University Of Tasmania
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Vascular and metabolic actions of the green tea polyphenol epigallocatechin gallate

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journal contribution
posted on 2023-05-18, 14:40 authored by Michelle Keske, Ng, HLH, Dino PremilovacDino Premilovac, Stephen RattiganStephen Rattigan, Kim, J, Munir, K, Yang, P, Quon, MJ
Epidemiological studies demonstrate robust correlations between green tea consumption and reduced risk of type 2 diabetes and its cardiovascular complications. However, underlying molecular, cellular, and physiological mechanisms remain incompletely understood. Health promoting actions of green tea are often attributed to epigallocatechin gallate (EGCG), the most abundant polyphenol in green tea. Insulin resistance and endothelial dysfunction play key roles in the pathogenesis of type 2 diabetes and its cardiovascular complications. Metabolic insulin resistance results from impaired insulin-mediated glucose disposal in skeletal muscle and adipose tissue, and blunted insulin-mediated suppression of hepatic glucose output that is often associated with endothelial/vascular dysfunction. This endothelial dysfunction is itself caused, in part, by impaired insulin signaling in vascular endothelium resulting in reduced insulin-stimulated production of NO in arteries, and arterioles that regulate nutritive capillaries. In this review, we discuss the considerable body of literature supporting insulin-mimetic actions of EGCG that oppose endothelial dysfunction and ameliorate metabolic insulin resistance in skeletal muscle and liver. We conclude that EGCG is a promising therapeutic to combat cardiovascular complications associated with the metabolic diseases characterized by reciprocal relationships between insulin resistance and endothelial dysfunction that include obesity, metabolic syndrome and type 2 diabetes. There is a strong rationale for well-powered randomized placebo controlled intervention trials to be carried out in insulin resistant and diabetic populations.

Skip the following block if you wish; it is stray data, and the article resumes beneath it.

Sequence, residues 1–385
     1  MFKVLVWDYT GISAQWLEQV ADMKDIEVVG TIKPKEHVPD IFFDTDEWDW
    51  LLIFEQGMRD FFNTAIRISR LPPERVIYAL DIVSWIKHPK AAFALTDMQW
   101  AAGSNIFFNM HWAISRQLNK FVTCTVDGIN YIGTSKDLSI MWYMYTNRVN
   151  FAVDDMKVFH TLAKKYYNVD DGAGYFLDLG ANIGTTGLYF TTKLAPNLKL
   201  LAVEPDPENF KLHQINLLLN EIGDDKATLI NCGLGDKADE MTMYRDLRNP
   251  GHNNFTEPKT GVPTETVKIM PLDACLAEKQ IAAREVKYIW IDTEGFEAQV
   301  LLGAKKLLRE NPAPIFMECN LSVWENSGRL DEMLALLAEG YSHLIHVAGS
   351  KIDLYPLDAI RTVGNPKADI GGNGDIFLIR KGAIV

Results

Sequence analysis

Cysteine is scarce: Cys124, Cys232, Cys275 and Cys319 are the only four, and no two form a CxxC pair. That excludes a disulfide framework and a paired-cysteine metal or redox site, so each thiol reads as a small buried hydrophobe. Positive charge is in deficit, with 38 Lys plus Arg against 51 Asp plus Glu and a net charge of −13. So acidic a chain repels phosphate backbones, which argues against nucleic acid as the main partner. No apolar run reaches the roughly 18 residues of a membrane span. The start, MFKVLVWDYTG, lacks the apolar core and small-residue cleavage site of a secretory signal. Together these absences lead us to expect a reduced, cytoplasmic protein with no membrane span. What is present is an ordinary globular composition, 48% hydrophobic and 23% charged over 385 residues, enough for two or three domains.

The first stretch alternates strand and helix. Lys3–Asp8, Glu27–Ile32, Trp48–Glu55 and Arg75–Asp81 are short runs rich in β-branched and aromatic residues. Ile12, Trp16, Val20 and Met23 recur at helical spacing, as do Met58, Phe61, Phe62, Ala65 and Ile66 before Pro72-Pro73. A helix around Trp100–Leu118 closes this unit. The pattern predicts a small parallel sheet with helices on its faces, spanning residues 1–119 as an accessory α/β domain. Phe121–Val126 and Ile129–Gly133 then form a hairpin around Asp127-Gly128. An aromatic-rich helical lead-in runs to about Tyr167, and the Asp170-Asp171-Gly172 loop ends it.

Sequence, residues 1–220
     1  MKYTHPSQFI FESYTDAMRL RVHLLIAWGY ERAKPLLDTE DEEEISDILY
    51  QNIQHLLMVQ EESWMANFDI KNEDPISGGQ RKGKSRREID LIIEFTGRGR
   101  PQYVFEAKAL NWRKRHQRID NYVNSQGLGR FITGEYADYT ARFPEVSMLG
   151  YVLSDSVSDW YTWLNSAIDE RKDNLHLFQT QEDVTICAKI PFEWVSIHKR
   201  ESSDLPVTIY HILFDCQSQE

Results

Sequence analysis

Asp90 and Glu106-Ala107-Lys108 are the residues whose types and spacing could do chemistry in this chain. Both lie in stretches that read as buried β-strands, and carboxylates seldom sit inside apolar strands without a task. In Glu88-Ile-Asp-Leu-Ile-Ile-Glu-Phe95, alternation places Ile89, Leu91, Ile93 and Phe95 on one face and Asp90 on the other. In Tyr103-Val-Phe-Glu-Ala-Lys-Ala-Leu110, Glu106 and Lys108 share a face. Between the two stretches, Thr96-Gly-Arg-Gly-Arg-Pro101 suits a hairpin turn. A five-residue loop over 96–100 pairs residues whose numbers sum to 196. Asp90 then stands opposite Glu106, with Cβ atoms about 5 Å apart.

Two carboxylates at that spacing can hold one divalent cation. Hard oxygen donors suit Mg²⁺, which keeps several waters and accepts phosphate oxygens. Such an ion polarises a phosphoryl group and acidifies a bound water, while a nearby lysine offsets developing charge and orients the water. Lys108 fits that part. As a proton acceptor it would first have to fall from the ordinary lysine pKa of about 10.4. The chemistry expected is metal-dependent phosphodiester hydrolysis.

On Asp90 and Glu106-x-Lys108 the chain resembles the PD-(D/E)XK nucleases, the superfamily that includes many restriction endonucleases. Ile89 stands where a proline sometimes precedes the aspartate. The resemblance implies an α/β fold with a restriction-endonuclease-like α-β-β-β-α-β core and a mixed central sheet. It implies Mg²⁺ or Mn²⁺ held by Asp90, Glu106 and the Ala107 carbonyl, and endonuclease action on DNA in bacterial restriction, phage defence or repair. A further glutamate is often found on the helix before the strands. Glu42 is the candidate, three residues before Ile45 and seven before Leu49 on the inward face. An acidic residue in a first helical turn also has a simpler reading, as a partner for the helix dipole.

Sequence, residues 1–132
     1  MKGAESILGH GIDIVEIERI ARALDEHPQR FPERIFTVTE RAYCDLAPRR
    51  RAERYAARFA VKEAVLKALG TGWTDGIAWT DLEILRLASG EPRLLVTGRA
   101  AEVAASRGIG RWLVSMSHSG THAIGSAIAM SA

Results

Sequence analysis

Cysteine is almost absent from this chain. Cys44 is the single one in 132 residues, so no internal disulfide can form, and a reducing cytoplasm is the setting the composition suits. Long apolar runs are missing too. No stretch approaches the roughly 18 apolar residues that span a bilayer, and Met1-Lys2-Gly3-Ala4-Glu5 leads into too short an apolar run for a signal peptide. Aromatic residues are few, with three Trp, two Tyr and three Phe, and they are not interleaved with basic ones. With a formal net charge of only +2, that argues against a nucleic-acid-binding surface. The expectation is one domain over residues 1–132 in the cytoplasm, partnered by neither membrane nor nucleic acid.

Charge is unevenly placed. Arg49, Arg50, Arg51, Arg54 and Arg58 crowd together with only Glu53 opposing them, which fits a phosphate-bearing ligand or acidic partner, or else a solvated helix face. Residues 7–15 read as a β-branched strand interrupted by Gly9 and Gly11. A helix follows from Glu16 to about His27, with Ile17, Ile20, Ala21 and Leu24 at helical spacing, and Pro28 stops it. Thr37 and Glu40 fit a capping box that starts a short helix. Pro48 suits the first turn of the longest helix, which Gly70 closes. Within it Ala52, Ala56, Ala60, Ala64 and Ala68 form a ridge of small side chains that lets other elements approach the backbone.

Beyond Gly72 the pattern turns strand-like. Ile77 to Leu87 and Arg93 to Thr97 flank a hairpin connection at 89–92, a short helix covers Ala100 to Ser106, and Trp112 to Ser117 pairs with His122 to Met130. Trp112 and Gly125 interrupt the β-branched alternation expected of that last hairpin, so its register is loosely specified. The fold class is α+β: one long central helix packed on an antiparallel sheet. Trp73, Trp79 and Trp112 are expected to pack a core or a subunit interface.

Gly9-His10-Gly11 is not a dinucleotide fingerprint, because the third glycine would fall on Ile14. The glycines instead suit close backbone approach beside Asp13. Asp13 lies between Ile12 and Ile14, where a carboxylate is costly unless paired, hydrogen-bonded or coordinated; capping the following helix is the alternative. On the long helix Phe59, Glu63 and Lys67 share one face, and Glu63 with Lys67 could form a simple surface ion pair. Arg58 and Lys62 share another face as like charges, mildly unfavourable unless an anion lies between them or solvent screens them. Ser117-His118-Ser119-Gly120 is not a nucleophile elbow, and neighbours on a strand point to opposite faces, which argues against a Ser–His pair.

Publication title

Current Medicinal Chemistry








Menzies Institute for Medical Research


Bentham Science Publ Ltd

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Copyright 2015 Bentham Science Publishers

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  • Open

Socio-economic Objectives

Preventive medicine